Michael is joined by gamer and fellow clinician/podcaster, Josue Cardona to talk about the common misconceptions that stem from gaming and how we can use game theory and techniques to benefit our lives.
When most people think about the “effects of video games,” their minds automatically go to desensitization, possibly anger coming from violence that young children are simulating.
Many will remember the infamous case Chris Harper-Mercer, the man who murdered ten and injured seven more in a mass shooting that he had previously announced he was going to carry out on a reddit chain. After committing this horrific crime, he shot himself.
Some of the disturbing responses and other conversations on this reddit chain were taunting him to carry this out, and praising him after he had already died.
“You might want to target a girl’s school which is safer because there are no beta males throwing themselves for their rescue.”
“I am so excited for this. If this comes true then thank you for my late birthday gift anon.”
“I suggest you enter a classroom and tell people that you will take them as hostages. Make everyone get in one corner and then open fire. Make sure that there is no way that someone can disarm you as it possible. I suggest you carry a knife on your belt as last resort if someone is holding your gun,”
“Do not use a shotgun. I would suggest a powerful assault rifle and a pistol or 2x pistols. Possibly the type of pistols who have 15+ ammo”
Here are the responses after the shooting:
“THE MADMAN ACTUALLY DID IT”
“That score, ouch. Not even double digits on current reports.”
“GOOD SHOW OP”
“MAY YOU RIP IN PEACE.”
But Michael is joined by gaming and technology enthusiast, Josue Cardona of the PsychTech Podcast and Geek Therapy Network to talk about the other side of this debate.
Throughout the episode, both Michael and Josue argue that there are some very real positive effects from gaming, and that if used in the right way, gaming can improve your health in many ways.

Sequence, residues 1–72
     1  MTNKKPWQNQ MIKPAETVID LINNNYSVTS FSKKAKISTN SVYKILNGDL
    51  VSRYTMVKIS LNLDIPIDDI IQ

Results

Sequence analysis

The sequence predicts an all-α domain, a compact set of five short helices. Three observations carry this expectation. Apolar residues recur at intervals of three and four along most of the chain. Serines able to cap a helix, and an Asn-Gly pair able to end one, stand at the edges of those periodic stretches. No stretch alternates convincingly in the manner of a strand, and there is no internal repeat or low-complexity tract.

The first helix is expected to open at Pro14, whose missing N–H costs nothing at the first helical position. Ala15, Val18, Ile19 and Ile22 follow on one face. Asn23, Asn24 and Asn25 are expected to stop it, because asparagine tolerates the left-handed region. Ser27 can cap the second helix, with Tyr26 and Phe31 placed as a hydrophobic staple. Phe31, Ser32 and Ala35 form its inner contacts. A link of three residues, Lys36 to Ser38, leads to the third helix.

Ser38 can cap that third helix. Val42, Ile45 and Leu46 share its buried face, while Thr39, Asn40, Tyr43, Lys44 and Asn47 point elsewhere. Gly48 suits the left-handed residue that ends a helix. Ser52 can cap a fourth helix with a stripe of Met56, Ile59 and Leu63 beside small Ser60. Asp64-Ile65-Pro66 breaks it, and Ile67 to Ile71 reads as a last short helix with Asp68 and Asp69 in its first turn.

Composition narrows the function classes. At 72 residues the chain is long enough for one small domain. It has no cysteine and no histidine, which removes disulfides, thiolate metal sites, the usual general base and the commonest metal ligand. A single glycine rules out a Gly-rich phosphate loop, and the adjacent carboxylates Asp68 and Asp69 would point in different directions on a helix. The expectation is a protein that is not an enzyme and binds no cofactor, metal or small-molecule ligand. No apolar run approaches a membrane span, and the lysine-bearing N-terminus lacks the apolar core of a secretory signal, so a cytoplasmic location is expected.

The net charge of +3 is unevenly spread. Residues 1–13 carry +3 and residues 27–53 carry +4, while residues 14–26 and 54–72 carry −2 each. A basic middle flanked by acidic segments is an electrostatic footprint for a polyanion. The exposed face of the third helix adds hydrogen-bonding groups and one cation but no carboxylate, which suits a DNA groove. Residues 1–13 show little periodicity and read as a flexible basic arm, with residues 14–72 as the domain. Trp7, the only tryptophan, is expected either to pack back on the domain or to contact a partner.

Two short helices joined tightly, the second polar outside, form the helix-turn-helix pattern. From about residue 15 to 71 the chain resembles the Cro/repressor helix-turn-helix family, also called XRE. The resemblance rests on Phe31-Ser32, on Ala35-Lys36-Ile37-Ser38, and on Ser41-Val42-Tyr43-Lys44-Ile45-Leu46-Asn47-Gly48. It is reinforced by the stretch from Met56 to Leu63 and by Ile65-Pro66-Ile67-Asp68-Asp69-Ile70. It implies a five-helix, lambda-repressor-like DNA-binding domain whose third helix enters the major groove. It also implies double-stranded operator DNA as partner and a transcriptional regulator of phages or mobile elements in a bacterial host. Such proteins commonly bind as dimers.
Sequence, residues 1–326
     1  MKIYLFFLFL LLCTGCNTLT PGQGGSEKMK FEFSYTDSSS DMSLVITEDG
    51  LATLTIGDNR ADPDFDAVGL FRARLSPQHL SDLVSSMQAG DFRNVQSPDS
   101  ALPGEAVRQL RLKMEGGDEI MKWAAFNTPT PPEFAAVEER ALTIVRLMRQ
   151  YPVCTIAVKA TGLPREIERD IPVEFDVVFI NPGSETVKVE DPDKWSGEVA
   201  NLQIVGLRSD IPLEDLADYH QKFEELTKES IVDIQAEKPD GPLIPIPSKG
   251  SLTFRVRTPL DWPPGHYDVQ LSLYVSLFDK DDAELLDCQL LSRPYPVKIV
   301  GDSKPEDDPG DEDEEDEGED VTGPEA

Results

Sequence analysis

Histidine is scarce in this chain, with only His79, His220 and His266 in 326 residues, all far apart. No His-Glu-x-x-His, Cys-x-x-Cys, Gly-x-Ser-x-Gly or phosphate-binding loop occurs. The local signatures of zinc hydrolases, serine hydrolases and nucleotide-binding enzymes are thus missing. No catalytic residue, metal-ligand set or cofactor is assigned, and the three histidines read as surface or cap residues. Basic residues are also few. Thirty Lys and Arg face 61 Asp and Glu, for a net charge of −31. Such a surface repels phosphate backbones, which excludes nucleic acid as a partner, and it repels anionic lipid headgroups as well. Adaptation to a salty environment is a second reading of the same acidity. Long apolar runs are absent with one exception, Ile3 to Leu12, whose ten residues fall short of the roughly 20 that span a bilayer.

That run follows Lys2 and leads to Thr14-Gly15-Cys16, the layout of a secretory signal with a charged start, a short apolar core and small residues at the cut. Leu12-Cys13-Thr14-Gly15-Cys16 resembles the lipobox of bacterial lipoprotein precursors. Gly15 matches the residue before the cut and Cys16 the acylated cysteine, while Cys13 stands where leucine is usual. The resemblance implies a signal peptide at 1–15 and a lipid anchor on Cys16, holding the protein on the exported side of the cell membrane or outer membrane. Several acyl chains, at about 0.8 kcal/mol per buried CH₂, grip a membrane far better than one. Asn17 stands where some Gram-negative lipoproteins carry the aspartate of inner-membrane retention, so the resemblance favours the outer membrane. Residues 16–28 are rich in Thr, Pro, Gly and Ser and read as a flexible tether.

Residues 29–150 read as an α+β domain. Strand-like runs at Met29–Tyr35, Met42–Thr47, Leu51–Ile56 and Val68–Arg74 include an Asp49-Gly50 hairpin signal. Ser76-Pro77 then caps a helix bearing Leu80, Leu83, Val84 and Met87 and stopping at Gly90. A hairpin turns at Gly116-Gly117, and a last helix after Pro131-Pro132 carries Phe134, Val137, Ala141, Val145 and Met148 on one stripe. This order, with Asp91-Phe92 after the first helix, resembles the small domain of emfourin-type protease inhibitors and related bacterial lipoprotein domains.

Josue Cardona, during the episode references the SuperBetter game and App created by Jane McGonigal, made famous by a TedTalks video that uses gaming to improve people’s mental health.
By attributing game-theories like achievements, power-ups and positive reinforcement, you can recover from injury, bring your mental state up to a positive level, etc.
She says: “Games like World of Warcraft give players the means to save worlds, and incentive to learn the habits of heroes. What if we could harness this gamer power to solve real-world problems? Jane McGonigal says we can, and explains how.”
1. German Researchers Show Video Games Improve Your Brain
This is your brain. This is your brain on Super Mario 64. See how the gray matter is increased? A new study published in the journal Molecular Psychiatrysuggests a whole lot of benefits to playing video games.
“I’ve been waiting to do this for years.” Those were the words of Chris Harper-Mercer before he killed 10 people, including himself, and left seven more injured in the massacre that took place on the Umpqua campus.
It seems that almost every week the airwaves are flooded with mass shootings at the hand of violent, enraged gunmen. Violence and shootings affect hundreds, if not thousands of innocent people every year as well as our nation’s stability as a whole. Through research, reports often indicate many mass killers were addicted to violent video games. Harper-Mercer was no exception to this trend.
— Michael Drane, MA, LAC